Taylor said he and his colleagues, "noted that obese patients were more likely to have less education, be unemployed and be African-American."
They also found that obese people with asthma made more frequent emergency room visits and used daily controller and as-needed rescue medications more often. The association between obesity and asthma severity seemed slightly stronger in women than in men, which has been noted in previous studies.
"Being thin doesn't automatically mean you're not fat," said Dr. Jimmy Bell, a professor of molecular imaging at Imperial College, London. Since 1994, Bell and his team have scanned nearly 800 people with MRI machines to create "fat maps" showing where people store fat.
According to the data, people who maintain their weight through diet rather than exercise are likely to have major deposits of internal fat, even if they are otherwise slim. "The whole concept of being fat needs to be redefined," said Bell, whose research is funded by Britain's Medical Research Council.
Without a clear warning signal — like a rounder middle — doctors worry that thin people may be lulled into falsely assuming that because they're not overweight, they're healthy.
A program that pulled a whole town into helping its children eat better and exercise more helped stop the kids from gaining too much weight, U.S. researchers reported on Thursday.
The children of Somerville, Massachusetts gained, on average, just less than a pound (half a kg) less than children who did not take part in the program, the researchers at Tufts University's school of nutrition in Boston found.
And it got them to eat broccoli.
For young children still growing rapidly, this was a significant success, study leader Christina Economos said in a telephone interview.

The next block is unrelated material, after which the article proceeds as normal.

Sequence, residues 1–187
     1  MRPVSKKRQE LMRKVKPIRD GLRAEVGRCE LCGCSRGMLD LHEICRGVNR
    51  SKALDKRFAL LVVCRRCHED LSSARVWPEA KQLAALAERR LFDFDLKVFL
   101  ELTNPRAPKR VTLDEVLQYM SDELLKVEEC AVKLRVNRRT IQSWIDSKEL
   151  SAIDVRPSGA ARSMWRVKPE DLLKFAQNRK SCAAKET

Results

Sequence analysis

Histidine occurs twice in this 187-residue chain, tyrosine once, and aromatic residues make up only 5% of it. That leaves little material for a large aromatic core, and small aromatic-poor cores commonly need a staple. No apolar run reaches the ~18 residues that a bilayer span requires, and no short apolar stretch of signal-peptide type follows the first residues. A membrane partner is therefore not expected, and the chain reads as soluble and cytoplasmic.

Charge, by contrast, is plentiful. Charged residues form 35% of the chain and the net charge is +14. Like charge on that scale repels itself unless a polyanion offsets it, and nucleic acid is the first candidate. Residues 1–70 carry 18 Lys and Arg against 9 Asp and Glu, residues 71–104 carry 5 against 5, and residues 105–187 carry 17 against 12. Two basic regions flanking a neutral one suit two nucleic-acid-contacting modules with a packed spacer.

"All children are gaining weight because they are growing," she said. "We want to prevent weight gain over and above what they need to for development."
They did, Economos and colleagues report in the journal Obesity. Children who were overweight lost weight, or stopped gaining, and those who were lean continued to grow at a healthy rate.
Economos hopes the seeds of life-long healthy habits have been planted in these children.
Talk to your kids—who would have thought?
The technique, motivational interviewing, involves asking open-ended questions (for example, "could you tell me how you feel about your weight"), listening and repeating the interviewee's answers, and encouraging them to recognize what is holding them back from making changes, Dr. Robert P. Schwartz of Wake Forest University School of Medicine in Winston-Salem, North Carolina, the study's lead author, told Reuters Health.
"What you want to do is get the patient to take responsibility for their behaviors," Schwartz said in an interview. "What motivational interviewing does is help people get unstuck from their ambivalence."
Motivational interviewing has been used successfully to help people with substance abuse problems, but employing the approach to address physical activity and nutrition is something new, he added.
As every Western nation struggles with child obesity, the Swedes are puzzled by an unusual blip in the data: Why are little girls more likely to be fat than little boys? A recent study by researchers at Sweden's Uppsala University showed that today's 4-year-old girls were six times as likely to be obese compared to 20 years ago - a bigger jump than among boys.
"This indicates that there is a relatively recent change in our lifestyles that is behind this," said Ulf Holmback, the lead researcher for the study published in the April issue of Acta Paediatrica. "But it's difficult to say what that is."
The weight increase itself was expected - Swedes, along with most other Europeans, have been getting heavier.
But obesity experts are scratching their heads over the gender difference that emerges in obesity rates. In 1982, just 1 percent of all 4-year-olds were deemed obese. By 2002, 2 percent of the boys that age were obese, but 6 percent of the girls were. The discrepancy was similar for 10-year-olds.
"Fifty two percent of the adult population and 27.6 percent of children are either overweight or obese," the ministry said as it unveiled the results of a 2006 study into the state of the nation's health.
The results, based on the height and weight of respondents interviewed in 31,000 households nationwide, showed that 15.5 percent of men and 15 percent of women were obese and that 44.4 percent of men and 30.3 percent of women were overweight.